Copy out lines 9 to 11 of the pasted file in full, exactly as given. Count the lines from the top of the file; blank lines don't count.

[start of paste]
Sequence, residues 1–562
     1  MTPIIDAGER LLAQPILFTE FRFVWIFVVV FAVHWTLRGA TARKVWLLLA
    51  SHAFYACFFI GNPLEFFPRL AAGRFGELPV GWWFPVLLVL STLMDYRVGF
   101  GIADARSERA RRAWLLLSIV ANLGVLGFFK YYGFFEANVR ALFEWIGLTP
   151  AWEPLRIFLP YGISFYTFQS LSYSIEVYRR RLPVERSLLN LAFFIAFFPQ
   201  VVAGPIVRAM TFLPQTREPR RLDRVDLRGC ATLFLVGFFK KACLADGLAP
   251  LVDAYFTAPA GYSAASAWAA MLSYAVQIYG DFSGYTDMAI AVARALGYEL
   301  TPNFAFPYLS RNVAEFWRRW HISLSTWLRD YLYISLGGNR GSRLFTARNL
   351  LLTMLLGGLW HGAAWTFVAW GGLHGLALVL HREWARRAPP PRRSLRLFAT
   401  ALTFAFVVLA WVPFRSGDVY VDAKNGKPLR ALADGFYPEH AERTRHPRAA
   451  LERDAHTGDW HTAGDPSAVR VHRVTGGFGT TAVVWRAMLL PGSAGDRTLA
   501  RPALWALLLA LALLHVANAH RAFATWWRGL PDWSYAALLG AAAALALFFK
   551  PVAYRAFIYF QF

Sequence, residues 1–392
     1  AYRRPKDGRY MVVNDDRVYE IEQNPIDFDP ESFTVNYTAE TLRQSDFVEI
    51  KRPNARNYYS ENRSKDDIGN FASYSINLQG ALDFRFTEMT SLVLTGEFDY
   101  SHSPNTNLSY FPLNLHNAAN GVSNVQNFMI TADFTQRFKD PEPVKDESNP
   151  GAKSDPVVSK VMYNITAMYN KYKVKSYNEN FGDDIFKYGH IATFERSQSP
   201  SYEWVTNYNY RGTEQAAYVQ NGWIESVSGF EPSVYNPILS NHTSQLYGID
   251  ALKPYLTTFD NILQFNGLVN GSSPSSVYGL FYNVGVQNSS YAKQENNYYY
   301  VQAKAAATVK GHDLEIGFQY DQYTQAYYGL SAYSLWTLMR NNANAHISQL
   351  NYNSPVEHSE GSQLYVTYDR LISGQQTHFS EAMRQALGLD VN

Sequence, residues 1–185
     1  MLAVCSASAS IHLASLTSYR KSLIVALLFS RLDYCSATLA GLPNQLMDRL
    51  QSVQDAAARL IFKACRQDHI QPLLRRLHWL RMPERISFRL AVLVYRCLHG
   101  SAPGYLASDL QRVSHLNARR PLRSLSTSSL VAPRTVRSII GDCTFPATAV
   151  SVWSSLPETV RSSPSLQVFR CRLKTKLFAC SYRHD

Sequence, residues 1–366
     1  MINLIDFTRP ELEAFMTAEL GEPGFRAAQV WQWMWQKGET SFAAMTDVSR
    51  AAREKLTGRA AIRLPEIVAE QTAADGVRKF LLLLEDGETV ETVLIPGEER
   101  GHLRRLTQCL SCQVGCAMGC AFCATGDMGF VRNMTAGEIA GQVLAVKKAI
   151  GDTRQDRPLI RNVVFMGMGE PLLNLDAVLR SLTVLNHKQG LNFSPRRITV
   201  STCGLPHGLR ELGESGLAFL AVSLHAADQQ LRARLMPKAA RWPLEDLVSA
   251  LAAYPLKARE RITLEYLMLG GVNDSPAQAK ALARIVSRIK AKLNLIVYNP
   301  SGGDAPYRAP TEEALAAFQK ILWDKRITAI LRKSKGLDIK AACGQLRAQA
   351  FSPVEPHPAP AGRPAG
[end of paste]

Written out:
   351  LLTMLLGGLW HGAAWTFVAW GGLHGLALVL HREWARRAPP PRRSLRLFAT
   401  ALTFAFVVLA WVPFRSGDVY VDAKNGKPLR ALADGFYPEH AERTRHPRAA
   451  LERDAHTGDW HTAGDPSAVR VHRVTGGFGT TAVVWRAMLL PGSAGDRTLA